Craig Hermann is a systems administrator for TriMet, but after his clock's been punched, he becomes Craig Hermann, Tiki anthropologist. He's a known mixer of classic cocktails—he belongs to the Oregon Bartenders Guild—and he does IT work for Tiki Kon, the annual gathering of locals and far-flung pilgrims who this month, for the ninth consecutive year, convene in Portland to celebrate the culture of Tiki and its rebirth.

This culture, Hermann says, began with a temperance-era rum-runner named Don, who, after Prohibition's repeal, opened his eponymous Hollywood club, Don the Beachcomber, introducing Polynesian decor, food and tropical drinks to the continental U.S. for the first time. A few years later, Trader Vic's promptly followed suit, and the birth of Tiki culture began.

Twenty years later, Hermann says, Tiki went "mainstream" as Americans, inspired by their Caribbean vacations and honeymoons, returned home and began building Tiki-style wet bars in their basements, where they'd entertain friends while listening to swinging, orchestral Afro-Cuban rhythm-driven Exotica LPs.

But, he says, those honeymooners had kids who effectively grew up and killed the subculture. "Tiki is a caricature culture," Hermann says, and it came to be seen as "un-hip" and "embarrassing," and was sometimes accused of "cultural appropriation."

"It was a done deal," he says.

But then the 1990s happened. Swing was revived and reborn. So, too, began the rebirth of the Exotica genre and the return of Tiki had arrived. Twenty years on, it's still a subculture, but it's still around.

And despite Portland's—or perhaps to spite its—forever granite-colored skies, some Portlanders have carved out their own world of Tiki. Hermann says there are probably 100 Portlanders who are dyed-in-the-wool like he, personifying Tiki itself, and estimates that another 500, and "likely more," are casual fans.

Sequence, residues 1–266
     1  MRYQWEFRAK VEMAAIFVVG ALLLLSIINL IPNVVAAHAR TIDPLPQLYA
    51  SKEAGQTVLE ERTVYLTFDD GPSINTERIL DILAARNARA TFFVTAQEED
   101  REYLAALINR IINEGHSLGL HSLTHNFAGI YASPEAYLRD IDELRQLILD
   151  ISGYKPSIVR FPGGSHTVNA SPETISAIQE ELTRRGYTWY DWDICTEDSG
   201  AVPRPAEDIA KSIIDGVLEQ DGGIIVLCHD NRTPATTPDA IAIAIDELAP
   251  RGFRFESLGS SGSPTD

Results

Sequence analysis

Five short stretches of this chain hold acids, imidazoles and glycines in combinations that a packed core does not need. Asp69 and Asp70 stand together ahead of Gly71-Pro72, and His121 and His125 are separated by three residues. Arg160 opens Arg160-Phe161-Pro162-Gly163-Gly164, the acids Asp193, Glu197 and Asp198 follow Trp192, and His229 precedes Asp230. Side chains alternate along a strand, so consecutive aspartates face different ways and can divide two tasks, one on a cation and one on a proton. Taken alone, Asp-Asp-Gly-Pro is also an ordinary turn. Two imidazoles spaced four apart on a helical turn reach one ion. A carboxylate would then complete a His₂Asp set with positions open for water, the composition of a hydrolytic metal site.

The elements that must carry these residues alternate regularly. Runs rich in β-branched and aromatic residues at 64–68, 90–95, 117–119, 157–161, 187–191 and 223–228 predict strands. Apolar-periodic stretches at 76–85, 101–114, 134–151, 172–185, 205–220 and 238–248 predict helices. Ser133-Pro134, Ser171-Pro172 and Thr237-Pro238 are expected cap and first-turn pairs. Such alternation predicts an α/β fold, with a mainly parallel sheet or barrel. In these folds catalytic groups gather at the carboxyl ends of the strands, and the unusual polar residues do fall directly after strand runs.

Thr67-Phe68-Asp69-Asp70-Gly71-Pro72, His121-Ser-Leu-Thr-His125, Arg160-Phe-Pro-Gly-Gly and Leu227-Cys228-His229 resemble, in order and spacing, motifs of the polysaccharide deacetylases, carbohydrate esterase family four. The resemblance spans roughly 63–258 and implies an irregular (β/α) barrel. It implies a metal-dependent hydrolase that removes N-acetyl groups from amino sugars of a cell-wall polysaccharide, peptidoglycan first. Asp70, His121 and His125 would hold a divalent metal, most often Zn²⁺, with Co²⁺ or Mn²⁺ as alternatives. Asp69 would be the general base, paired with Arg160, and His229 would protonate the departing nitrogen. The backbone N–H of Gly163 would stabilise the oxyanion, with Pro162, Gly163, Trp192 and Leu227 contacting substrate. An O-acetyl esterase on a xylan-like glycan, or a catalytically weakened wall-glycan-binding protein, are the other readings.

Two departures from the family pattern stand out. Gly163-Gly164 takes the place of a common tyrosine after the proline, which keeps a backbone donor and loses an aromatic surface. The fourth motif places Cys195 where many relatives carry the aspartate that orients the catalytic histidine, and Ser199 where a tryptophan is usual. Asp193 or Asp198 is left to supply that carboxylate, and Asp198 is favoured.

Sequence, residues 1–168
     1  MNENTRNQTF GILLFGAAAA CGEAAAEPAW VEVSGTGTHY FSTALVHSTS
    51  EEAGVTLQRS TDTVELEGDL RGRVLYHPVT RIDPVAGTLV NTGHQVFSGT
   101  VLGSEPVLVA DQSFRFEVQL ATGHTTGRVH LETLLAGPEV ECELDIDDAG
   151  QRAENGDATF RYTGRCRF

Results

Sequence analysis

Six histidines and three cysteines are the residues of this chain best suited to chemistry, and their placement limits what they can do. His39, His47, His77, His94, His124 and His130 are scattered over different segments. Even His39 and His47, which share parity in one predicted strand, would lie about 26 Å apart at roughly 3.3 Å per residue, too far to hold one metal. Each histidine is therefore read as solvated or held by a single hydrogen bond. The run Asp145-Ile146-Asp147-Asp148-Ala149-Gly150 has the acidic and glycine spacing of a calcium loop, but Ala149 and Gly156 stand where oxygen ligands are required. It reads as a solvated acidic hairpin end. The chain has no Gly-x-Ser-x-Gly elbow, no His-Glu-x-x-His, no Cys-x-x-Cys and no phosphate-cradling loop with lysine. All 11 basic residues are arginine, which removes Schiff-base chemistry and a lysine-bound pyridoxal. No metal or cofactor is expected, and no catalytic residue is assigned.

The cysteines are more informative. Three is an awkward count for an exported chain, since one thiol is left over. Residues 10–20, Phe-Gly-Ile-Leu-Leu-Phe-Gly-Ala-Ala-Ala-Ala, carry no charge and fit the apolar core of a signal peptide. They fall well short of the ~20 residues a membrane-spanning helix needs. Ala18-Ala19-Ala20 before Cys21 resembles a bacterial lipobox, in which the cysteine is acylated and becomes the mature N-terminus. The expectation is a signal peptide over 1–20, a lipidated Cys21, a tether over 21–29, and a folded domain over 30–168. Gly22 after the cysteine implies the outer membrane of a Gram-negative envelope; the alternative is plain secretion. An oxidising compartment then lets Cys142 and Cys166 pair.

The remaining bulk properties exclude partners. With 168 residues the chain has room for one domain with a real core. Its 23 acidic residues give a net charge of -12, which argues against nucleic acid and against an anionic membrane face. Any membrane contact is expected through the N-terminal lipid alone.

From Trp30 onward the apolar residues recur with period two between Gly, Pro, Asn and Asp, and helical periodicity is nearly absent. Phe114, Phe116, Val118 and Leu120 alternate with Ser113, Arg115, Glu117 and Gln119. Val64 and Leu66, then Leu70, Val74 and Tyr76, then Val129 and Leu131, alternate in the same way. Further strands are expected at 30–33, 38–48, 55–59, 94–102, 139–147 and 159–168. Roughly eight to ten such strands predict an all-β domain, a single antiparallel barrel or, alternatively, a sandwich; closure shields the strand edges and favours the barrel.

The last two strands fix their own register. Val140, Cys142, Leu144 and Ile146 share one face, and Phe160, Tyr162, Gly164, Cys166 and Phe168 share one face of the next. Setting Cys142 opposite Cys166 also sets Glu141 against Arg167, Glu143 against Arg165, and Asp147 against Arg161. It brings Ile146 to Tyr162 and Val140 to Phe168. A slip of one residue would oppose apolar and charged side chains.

But heading for the palms and the beaches can wait till January, because right here, right now, you host your very own Tiki party in your very own home.


How to Tiki at Home

To Tiki, one must first verbify the word Tiki. Once you've done that, take a look around and dream a little.


The Environs

Much of the interior of Thatch was built by Troy Susan.
Much of the interior of Thatch Tiki Bar was built by Troy Susan.


Troy Susan has lived in Portland since just before enrolling to the Pacific Northwest College of Art from which he graduated in 1992 with a bachelor's degree in fine arts. In 1999, he founded Bamboo Craftsman in Kenton, which doesn't just import hand-crafted home and garden decorations but will build them for you, too. Susan says Bamboo Craftsman builds decks, installations and wet bars, and will hand-carve Tiki statues, as well.

Of course, to give your Tiki bar that last bit of oomph, you might want to surround it with one or more works for sale at Elroy Artspace. Elroy, which puts the "mod" in modern, is presenting this July Scootiki: Mods & Gods, a gallery show featuring locally and nationally made Tiki-inspired artwork.


The Spirits

Deco Distilling's Rum
Deco Distilling's rum


Located along Portland's Distillery Row, Deco Distilling is owned and operated by Bill Adams, a software engineer, and Lenny Gotter, a professional photographer. Since 2008, the pair have been dreaming up and bottling rum recipes, including an award winning coffee-flavored variety made with locally roasted fair-trade coffee beans.